Watercooler Stories

Maine woman due in court for opposing book

LEWISTON, Maine, Oct. 31 (UPI) -- A Lewiston, Maine, woman has a court date later this year to answer for refusing on moral grounds to return a library book.


A court summons was ordered for JoAnn Karkos after she failed to return "It's Perfectly Normal: Changing Bodies, Growing Up, Sex and Sexual Health" to her local library. She claims the sex education book was pornographic, Maine's WMTW-TV, Auburn, said Wednesday.

Karkos has admitted keeping the Lewiston Public Library book beyond its due date.

The American Library Association named "Changing Bodies" the most frequently challenged book in 2005. The book features nudity as well as discussion of abortion and homosexuality.

Karkos has checked out the book from the public library in Auburn, Maine, too.

Disabled child's swing stolen in Colorado

THORNTON, Colo., Oct. 31 (UPI) -- A swing set that typically gives hours of enjoyment to a disabled boy in Thornton, Colo., has been stolen for the second time this year.

Thornton resident Cindy DeSplinter said the most recent disappearance of her son's swing from their yard comes three months after a similar incident left her 5-year-old without one of his favorite pastimes, The Rocky Mountain News reported Wednesday.


"I said, 'You've got to be kidding.' It's almost scary. This is almost purposeful," the concerned mother said. "Why would they do it to a little kid? It makes no sense."

Following the initial theft in July, the family of little Micah DeSplinter built a security fence around his replacement swing set to ensure its safety.

But earlier this month, the specialized swing set that cost the family nearly $500 was stolen and police have no suspects in custody.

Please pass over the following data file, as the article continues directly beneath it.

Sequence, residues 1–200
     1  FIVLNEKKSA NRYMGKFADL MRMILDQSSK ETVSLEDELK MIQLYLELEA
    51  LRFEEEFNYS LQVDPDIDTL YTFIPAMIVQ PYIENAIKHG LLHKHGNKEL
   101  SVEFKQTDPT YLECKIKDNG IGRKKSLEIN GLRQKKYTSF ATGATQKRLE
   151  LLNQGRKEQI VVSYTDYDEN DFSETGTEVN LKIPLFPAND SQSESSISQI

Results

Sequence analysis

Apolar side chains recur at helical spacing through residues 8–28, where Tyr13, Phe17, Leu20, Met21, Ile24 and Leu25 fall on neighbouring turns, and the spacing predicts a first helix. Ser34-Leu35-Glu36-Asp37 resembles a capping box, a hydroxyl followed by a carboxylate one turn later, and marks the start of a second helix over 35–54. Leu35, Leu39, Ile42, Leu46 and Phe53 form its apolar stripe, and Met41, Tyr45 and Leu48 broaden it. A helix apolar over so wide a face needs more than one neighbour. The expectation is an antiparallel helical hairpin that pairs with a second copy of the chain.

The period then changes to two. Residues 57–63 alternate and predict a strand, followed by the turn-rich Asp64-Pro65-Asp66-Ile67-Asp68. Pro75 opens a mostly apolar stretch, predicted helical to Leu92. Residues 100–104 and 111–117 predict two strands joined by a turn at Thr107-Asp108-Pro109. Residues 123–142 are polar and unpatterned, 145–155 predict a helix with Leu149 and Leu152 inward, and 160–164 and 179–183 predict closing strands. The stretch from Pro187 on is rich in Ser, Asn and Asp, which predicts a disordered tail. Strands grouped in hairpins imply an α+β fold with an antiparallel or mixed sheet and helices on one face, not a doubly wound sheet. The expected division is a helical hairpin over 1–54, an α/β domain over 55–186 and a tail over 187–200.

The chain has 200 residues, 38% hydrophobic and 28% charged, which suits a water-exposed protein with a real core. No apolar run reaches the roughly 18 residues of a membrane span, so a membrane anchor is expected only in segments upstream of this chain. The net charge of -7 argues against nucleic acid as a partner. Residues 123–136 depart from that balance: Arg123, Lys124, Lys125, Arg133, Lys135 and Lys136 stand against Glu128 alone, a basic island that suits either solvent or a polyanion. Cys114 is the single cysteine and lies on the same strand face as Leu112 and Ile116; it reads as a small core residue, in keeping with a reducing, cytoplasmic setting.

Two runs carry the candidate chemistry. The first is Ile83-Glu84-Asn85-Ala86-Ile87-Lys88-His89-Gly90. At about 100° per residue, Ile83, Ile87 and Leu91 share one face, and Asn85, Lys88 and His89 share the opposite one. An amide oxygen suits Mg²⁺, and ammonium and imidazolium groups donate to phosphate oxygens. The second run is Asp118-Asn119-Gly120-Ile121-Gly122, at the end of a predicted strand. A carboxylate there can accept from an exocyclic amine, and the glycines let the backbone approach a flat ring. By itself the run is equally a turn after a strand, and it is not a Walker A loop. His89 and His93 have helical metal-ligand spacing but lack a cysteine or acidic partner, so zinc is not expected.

"We are now going to have to complete our yard in privacy fences," she said. "All of this so our 5-year-old son can swing in his own backyard."

Geo-challenged ID thieves charged

NEW YORK, Oct. 31 (UPI) -- Two New York men accused of identity theft say they were getting a measure of revenge for the Sept. 11, 2001, terror attacks, officials said Wednesday.

However, Marconian Sockwell and Joseph Ogueri, accused of scamming about $400,000 from a dozen people, victimized 11 people from Bangladesh and one from Nepal, the New York Post said.

Admitting they are targeting any ethnic group exposes the pair to additional hate crime penalties, prosecutors said. The two face up to 25 years in prison if convicted of grand larceny as a hate crime, Queens District Attorney Richard Brown said.


The 88-count criminal complaint said Sockwell and Ogueri posed as employees of a credit-reporting agency to get their victims to reveal personal financial information over the telephone, including credit card account numbers, the complaint said.

Sockwell and Ogueri then would add their names to the credit cards and charge thousands of dollars worth of mail-order diamonds.

EPA backs off toxic squirrel advisory

RINGWOOD, N.J., Oct. 31 (UPI) -- U.S. environmental officials have withdrawn a warning that squirrels in an area of New Jersey were toxic, an announcement that had thrown hunters for a loop.

Never mind what we said earlier, the Environmental Protection Agency said this week, it's OK to shoot and eat squirrels from the Ringwood area, The New York Post reported Thursday. At fist it appeared the critters were toxic because of a nearby Superfund site, but samples from the tested squirrels were botched, the agency said.

However, state Department of Health officials were reviewing the latest EPA advisory and will decide whether they'll lift the wild-animal consumption warning issued in January, said spokesman Tom Slater.

Roger DeGroat, a New Jersey squirrel hunter, says he may be a little more hesitant about eating squirrel because of the mixed messages. But he likes squirrel -- and says it doesn't taste like chicken.


"I can't say it tastes like chicken. I can't say it tastes like turkey," DeGroat said. "It tastes a lot like squirrel."

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